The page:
Posting images online has its benefits and disadvantages. One of the benefits is that you get to easily share your photos. One of the disadvantages is that others want you to share your photos more than you want. So you must do what you can to prevent that “extra” sharing.
Smartly, some photographers rely on watermarks applied via an overlay to control unauthorized uses. But Al Berger of www.CunninghamStudio.com and www.ProRodeoPix.com has discovered that method can be thwarted. He has given permission to share his discovery here:
I was excited to read your article on Lynda.com regarding posting images online.
I recently came across a web article on fstoppers.com in which Jesse Chen, a Facebook Software Engineer, Teaches You How to Steal Copyrighted Images. According to his bio, Jesse Chen is a software engineer at Facebook and recent graduate of UC Berkeley. Jesse has a personal blog which I recently stumbled across that includes a blog post from 2012 in which he detailed how to go about stealing copyrighted images and REMOVING WATERMARKS using Photoshop.
In trying to figure out how Mr. Chen is able to get the images off of websites, I experimented and found the instructions on Mr. Chen’s website are for users of the Google Chrome web browser. I am normally a user of Mozilla Firefox so I wasn’t familiar with some of the options available under Google Chrome. For example, I went to this website, http://vividwildlife.photoshelter.com, which I believe is your site.
Once there in Firefox, I “right clicked” and selected “view image” and was transported to http://vividwildlife.photoshelter.com/img/pixel.gif, which is a small 1 x 1 pixel transparent .gif intended to prevent people from stealing the image of the bear.
So then I went to Google Chrome and did exactly the same thing, except in Chrome the option to “view image” wasn’t available, so I chose the option to “Open image in new tab,” which again resulted in the same result as with Firefox. Great so far: http://vividwildlife.photoshelter.com/img/pixel.gif
But using Chrome and following the steps outlined in Mr. Chen’s documentary, I went to the triple horizontal bars in the upper right side of the Chrome browser. This is right under the “X” to exit the program. Clicking on that opens up a pop-up window where I can choose “Tools” and then in the next pop-up window I choose “Developers Tools.” Selecting this option opens up a window in the bottom half of the browser with the top line listing a search option and eight (8) other options. I then click on the “Resources” option and a list of folders with the first one being “Frames” opens. By clicking on “Frames” and then the folder right under it “(I0000VfT5iHln.48)” and scrolling down to the word “Images” and selecting “Images,” I select “1041E00000YAWNINGBEAR.jpg” and up pops the bear. If you move your mouse over the bear image in the lower window, right click and select the option to “Open image in new tab”, the image will pop-up in a new window.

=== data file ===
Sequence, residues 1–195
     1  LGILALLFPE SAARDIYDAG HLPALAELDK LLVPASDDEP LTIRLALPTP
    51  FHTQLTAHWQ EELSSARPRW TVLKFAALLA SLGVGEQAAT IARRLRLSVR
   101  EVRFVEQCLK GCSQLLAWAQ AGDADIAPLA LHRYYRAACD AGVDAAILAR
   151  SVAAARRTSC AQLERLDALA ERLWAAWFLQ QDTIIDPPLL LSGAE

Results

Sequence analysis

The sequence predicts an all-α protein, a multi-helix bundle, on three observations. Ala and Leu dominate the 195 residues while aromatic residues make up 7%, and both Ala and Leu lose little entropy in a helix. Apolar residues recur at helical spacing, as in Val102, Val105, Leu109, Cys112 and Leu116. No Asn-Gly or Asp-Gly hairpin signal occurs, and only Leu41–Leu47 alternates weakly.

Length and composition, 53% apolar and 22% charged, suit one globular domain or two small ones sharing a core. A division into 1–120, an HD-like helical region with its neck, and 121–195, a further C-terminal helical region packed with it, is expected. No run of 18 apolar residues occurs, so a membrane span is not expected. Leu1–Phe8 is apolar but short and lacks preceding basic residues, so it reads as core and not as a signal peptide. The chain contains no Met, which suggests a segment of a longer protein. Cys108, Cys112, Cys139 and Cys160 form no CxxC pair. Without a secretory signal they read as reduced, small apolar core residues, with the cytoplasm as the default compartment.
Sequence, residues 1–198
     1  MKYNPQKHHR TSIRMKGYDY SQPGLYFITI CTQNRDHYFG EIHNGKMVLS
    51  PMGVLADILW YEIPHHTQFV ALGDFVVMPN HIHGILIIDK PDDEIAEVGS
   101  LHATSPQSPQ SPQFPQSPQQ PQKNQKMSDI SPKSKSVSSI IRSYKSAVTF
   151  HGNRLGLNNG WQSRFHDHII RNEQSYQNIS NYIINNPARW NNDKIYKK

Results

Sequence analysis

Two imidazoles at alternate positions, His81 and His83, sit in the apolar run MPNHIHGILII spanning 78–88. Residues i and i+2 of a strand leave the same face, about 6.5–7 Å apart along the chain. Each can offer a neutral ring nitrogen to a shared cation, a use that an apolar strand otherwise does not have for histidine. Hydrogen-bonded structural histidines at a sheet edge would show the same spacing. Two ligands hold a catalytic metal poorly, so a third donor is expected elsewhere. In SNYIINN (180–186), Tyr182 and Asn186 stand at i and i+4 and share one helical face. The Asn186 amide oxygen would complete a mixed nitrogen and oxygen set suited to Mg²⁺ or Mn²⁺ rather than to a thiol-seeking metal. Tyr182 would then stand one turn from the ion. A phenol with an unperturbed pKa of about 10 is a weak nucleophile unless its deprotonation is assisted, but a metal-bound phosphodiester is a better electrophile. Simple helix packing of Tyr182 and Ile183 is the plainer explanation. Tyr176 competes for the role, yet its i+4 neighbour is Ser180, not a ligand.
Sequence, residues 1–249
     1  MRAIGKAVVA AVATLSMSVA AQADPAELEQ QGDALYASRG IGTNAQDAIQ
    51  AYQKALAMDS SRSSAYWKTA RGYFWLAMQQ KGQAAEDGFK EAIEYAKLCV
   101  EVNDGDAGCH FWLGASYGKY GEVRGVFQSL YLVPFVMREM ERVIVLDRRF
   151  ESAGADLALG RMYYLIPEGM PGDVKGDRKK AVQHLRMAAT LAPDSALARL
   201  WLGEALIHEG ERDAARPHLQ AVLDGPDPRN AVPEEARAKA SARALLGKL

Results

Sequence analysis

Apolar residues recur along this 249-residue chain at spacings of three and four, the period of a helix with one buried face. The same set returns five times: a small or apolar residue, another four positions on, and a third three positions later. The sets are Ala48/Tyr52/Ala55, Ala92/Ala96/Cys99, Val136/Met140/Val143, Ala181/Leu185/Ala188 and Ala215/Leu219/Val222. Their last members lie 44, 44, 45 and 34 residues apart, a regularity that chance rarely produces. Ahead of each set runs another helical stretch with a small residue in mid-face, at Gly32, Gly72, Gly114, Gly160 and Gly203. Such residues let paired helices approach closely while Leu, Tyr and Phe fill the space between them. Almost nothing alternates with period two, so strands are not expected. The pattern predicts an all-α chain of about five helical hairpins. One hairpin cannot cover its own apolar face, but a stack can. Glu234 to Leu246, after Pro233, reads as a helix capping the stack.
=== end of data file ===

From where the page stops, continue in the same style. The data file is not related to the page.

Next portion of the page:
In the case of your bear photo, the copyright management information is still on the image because the author most likely, wisely, embedded it into the image. But this is not the case on many of the photo hosting sites on the web, where the word “PROOF” is only a transparent layer posted over the image; it is not part of the original image.
For example, if you look at this site by Northern Lights photography as it is hosted on smugmug, there is CMI watermark across the bottom of the Goldcrest photo. If you “right click” on the image a window pops up stating:
The page at www.northernlightsphotography.no says
All photos are property of Northern Lights Photography – Fredrik Broms. All rights reserved. Unauthorized use is prohibited.
and you cannot proceed any further in trying to copy any image. But using the “Developers Tools” in Chrome, I click on “Frames” and then “(25416271_qVqLC5)” and then “Images” and scroll down until I reached (the full size version) “Konge.jpg.” I select that and “right click” on the image choosing the option “Open image in new tab” and presto: I can now see the image (740 x 1024) without the CMI and I am able to “right click” and save the image. Unfortunately, the photographer didn’t include his CMI directly on the largest file size of his images. He has embedded it in all of the smaller versions as you can see by scrolling up after selecting the “Konge.jpg” image.
Some other photographers who have Smugmug and Photoreflect also don’t put their CMI directly in the file of their images when they upload them. Instead, they rely on the hosting sites to put .gifs over the images with “PROOF” across the viewable images. Unfortunately, this will not protect them when it comes to Chrome.
Sadly, most photographers are unaware (as was I a week ago) of this feature that Google Chrome has included in it. I thought I would let you know about this so you could make your clients and your audience aware of it. I hope you find it enlightens you and is informational as well.
Thanks for sharing this information, Al! This is helpful for photographers to know so that they may more fully protect their online images.